“Visual storytelling: Engaging with Cultural Narratives” (with speaker Lex Brown, Artist and college fellow in media practice in the Department of Art, Film, and Visual Studies)
“Virtual Spaces: Experiential learning in the Digital Classroom.” (with speaker Rus Gant, Director of Harvard’s Visualization Research and Teaching Laboratory)
“Dialogue for Change” Discussion Series (Spring 2021)
In the current economic, political, and emotionally charged climate that we are currently experiencing across the world, the novice instructors in my language pedagogy course had questions and concerns about how to navigate what Eleanor Craig (Program Director of Ethnicity, Migration, and Rights at Harvard) describes as “hot” topics. They expressed concerns about how to ensure open communication while respecting boundaries and how to navigate these challenges in our language classrooms where students are learning how to express their ideas in a language that may feel “foreign” to them. This discussion series was initiated when I invited Eleanor Craig to lead a discussion with our TAs/TFs in Fall 2020. With over 30 TAs and TFs present from our department at this first session, it was clear that we needed to continue the conversations. As a follow-up, I organized a working group with graduate students to design a discussion series in Spring 2021 entitled “Dialogue for Change.” One discussion topic will include an interview with one of our TFs and two founding members of Second Tree. They will discuss their educational model for refugee language education in Greece that emphasizes strategies that do not avoid “hot topics” but instead engages students directly with those topics with respect and care to transform challenges into opportunities for learning. Another session will emphasize discussions of grammatically binary language and gender identity to create further opportunities for open discussion and inclusion within the language classroom. The last topic will address how to broach environmental issues in the language-culture classroom. It will begin with a cross-disciplinary panel discussion followed by a presentation of lessons tackling environmental issues in our RLL courses. For both the Fall and Spring discussion series, the end goal is to create a “theory meets practice” video podcast series that features case studies of creative remote language teaching applications. Our goal is to share this podcast series with other language-culture programs within Harvard and beyond.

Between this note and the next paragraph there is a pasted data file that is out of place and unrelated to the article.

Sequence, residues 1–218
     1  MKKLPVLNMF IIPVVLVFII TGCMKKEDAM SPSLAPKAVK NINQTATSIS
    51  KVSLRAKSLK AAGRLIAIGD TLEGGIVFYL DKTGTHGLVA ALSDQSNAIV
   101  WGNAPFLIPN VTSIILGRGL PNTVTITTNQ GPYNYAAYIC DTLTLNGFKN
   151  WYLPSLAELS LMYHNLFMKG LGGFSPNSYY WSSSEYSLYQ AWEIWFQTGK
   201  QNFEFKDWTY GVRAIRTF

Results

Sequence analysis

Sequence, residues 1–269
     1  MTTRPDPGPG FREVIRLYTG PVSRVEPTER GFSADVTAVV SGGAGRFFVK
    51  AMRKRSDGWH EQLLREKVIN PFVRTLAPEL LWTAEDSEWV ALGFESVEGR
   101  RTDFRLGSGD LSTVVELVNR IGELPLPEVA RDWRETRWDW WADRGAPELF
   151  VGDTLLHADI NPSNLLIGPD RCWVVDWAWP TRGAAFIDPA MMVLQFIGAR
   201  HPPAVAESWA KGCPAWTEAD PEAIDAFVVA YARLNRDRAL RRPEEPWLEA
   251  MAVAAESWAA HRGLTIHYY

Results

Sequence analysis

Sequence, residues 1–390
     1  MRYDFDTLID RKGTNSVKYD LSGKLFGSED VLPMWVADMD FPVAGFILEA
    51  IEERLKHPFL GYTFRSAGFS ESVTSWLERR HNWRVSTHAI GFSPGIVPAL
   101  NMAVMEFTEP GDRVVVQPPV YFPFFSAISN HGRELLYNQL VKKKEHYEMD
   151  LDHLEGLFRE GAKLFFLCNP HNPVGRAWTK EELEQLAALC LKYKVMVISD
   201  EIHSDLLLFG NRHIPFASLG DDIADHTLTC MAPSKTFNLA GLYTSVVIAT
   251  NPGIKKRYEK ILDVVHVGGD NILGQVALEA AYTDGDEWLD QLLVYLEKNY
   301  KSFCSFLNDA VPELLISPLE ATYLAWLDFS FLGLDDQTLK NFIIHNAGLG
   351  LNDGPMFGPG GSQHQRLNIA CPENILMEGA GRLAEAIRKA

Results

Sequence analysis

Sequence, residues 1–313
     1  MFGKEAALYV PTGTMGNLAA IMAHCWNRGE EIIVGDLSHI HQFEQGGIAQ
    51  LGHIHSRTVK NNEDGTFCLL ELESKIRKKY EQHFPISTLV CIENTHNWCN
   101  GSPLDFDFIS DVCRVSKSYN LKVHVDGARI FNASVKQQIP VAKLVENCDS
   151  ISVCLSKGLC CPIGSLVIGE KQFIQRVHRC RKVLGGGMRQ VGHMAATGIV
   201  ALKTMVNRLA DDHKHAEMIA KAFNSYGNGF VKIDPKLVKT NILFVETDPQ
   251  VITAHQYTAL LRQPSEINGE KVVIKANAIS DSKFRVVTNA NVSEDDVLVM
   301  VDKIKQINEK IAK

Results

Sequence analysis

Excerpts of this description from:
Mills, N. A. (2020). Language Program Direction During COVID-19: Collective Memories of the Extraordinary. Invited contribution to the Second Language Research and Practice Journal.
A special thank you to the 2020 Bok pedagogy fellows, Matthew Rodriguez, Xiomara Feliberty-Casiano, Emily Epperson, and Luca Politi, who have helped foster a collaborative spirit in our department in our transition to remote language instruction. I would also like acknowledge Rodrigo del Rio, our Media Design Fellow, and the Harvard Language Center, for their technology support and innovation. Finally, I would like to express my sincere gratitude to our course heads, TAs, and TFs who dedicated tremendous time and energy to remote language teaching and helped create a warm teaching community in our department.
Programmatic Intervention: We Can Learn Arabic Website, wecanlearnarabic.com
Emma Trentman, University of New Mexico
The We Can Learn Arabic website is an open-access resource for lower division Arabic classes launched in Fall 2020. It is the culmination of the curriculum development projects I have led at the University of New Mexico since 2012 where my colleagues Heather Sweetser, Abdullah Serag, and I moved from using a textbook, to adapting the textbook, to using a mix of textbook and supplemental materials, to only supplemental materials, to the We Can Learn Arabic website. Throughout this process, my goal has been to integrate research and theories in Applied Linguistics, specifically genre-based and multilingual approaches, with the everyday classroom practice of lower division language teaching.